It is no surprise that trade disputes and low commodity prices have farmers worried, but researchers at Purdue University say the worry runs bone deep.

The university's Ag Barometer, a monthly index of data collected from farmers reflecting the health of the agricultural economy, dropped from 143 to 117 from June to July, the 26-point drop the largest in the index's three-year history.

Results over 100 are considered positive, however.

More than 70 percent of respondents to the survey expected to report a decline in net income of at least 10 percent this year. More than two-thirds of respondents said that trade conflicts, especially the tit-for-tat tariff hikes with China, were to blame.

China, the world's largest soybean market, put a 25 percent tariff on U.S. soybeans last month in retaliation for tariffs the Trump administration put on billions of dollars worth of Chinese goods. Soybeans are the most valuable U.S. export to China. Due to the tariffs, China cancelled future orders for U.S. soybeans, which sent prices into a nosedive.

And it's been a steep nosedive: Soybean prices have fallen about 20 percent since early June, and about 25 percent from its 52-week high.

"We can't even sell at the price of production," said Delaware County farmer Bret Davis, who is also a board member of the American Soybean Association. "That means you've got one crop you're not making a dime on."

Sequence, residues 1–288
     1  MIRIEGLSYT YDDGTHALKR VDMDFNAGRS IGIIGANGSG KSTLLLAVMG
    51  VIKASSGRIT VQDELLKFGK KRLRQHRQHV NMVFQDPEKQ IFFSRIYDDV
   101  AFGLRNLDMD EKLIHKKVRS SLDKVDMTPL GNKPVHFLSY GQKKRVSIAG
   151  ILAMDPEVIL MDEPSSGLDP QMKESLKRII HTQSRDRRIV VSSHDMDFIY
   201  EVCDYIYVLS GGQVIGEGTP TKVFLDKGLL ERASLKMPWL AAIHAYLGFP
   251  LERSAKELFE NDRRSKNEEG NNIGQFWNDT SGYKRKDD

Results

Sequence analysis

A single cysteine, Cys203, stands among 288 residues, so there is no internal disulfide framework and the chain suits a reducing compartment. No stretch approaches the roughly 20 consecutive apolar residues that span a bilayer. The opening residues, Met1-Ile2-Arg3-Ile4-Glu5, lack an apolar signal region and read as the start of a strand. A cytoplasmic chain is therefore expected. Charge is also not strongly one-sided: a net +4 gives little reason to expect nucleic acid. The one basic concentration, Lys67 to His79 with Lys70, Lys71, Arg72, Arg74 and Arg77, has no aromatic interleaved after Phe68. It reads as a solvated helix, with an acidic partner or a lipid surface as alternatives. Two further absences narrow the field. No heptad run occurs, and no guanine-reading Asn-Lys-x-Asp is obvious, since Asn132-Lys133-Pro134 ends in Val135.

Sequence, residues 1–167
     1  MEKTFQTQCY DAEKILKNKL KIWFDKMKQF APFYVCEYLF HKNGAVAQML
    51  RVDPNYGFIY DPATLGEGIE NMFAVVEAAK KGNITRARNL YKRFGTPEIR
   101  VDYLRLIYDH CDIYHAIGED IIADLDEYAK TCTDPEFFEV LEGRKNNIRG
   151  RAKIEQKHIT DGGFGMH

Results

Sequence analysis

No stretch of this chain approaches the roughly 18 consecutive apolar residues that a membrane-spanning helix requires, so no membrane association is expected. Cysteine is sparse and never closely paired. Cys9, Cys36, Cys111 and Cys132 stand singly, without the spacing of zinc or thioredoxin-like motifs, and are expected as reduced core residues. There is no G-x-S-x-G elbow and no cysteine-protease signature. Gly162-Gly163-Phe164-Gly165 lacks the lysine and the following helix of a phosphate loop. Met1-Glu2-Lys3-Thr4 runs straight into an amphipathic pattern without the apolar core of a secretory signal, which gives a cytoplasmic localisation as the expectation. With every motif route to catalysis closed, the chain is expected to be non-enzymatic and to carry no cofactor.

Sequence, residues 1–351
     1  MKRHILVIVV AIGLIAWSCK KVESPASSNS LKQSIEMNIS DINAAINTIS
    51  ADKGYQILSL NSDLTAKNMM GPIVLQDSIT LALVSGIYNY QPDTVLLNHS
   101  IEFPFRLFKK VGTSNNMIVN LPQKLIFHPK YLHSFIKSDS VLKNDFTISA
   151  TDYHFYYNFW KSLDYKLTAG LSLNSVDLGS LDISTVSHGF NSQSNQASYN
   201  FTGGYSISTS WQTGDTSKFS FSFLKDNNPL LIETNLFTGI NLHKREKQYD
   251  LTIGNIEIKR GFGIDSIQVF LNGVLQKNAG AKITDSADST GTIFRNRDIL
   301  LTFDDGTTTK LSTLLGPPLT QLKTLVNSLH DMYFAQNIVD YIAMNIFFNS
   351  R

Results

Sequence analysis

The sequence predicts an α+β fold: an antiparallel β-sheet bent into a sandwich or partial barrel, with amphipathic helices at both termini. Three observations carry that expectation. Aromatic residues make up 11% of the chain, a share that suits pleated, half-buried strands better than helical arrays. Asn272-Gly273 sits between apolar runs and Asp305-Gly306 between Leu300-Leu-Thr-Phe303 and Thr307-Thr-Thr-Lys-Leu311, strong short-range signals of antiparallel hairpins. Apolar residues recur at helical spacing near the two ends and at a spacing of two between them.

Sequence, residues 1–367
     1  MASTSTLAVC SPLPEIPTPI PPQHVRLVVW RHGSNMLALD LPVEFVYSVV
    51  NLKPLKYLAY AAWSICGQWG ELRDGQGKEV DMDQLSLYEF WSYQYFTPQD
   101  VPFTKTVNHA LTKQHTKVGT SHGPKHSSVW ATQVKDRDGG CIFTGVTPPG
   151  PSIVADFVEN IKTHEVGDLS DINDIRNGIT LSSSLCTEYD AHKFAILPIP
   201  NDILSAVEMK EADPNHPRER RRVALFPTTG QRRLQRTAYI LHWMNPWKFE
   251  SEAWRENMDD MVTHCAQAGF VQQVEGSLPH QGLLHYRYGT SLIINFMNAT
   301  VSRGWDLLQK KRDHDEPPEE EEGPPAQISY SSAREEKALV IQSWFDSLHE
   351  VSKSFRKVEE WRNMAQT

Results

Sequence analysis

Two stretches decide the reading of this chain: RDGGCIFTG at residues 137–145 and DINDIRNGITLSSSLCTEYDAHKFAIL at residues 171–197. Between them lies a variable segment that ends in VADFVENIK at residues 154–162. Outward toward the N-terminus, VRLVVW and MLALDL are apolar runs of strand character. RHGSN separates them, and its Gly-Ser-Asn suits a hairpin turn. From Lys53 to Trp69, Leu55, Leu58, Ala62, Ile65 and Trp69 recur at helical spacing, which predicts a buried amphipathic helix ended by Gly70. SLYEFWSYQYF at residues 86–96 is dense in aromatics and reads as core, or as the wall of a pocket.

Financial-services and credit-rating firm Moody's is also raising the alarm that the trade war with China will undermine parts of the agricultural sector reliant on exports.

Moody's highlighted Iowa, Kansas and Nebraska as being especially at-risk, but while Ohio's economy is less reliant on trade with China, Ohio's farmers do export about $1 billion worth of soybeans each year.

"The U.S. trade dispute with China will weaken the economies of states that are highly dependent on agriculture," said Marcia Van Wagner, Moody’s vice president, in a research note, "and compound already troubled agriculture sectors that have suffered from commodity price declines since 2014."

Although China doesn't buy much corn from the U.S., the American farm staple hasn't been much help as profits from soybeans have disappeared.

Booming corn harvests the past several years on top of a lack of growing export markets has corn trading at well below $4 a bushel, which many consider the break-even mark. In the Purdue research, a lot of farmers believe corn is headed even lower.

"Commodity prices dropped sharply in June and July, and there is real concern among producers that those prices will remain low and, possibly, fall even further," said Jim Minert, director of Purdue's Center for Commercial Agriculture, in a press release.

A full 40 percent of the respondents to the Purdue survey think that if the trade war continues, corn will fall below $3.25 a bushel and soybeans below $8 a bushel. Both marks would be devastating.

Compounding the issue is that, for most farmers, beans are part of a rotation system in which farmers grow corn in a field one year, then beans the next for better results and soil health. Ohio's farmers don't have a ready alternative to soybeans, which they'll likely lose money on, if the trade war continues.

"Beans could just fall right off the map," Davis said, "and the problem is, in a rotation, you have to put some beans in."

The administration has floated some help for farmers. The U.S. Department of Agriculture proposed $12 billion in aid to farmers affected by the trade war. The details of how the money would be dispersed has not been hashed out, Davis said.

"They don't have a good handle on the payment," Davis said. "We thanked them, but this is a Band-aid and we're bleeding pretty good right now."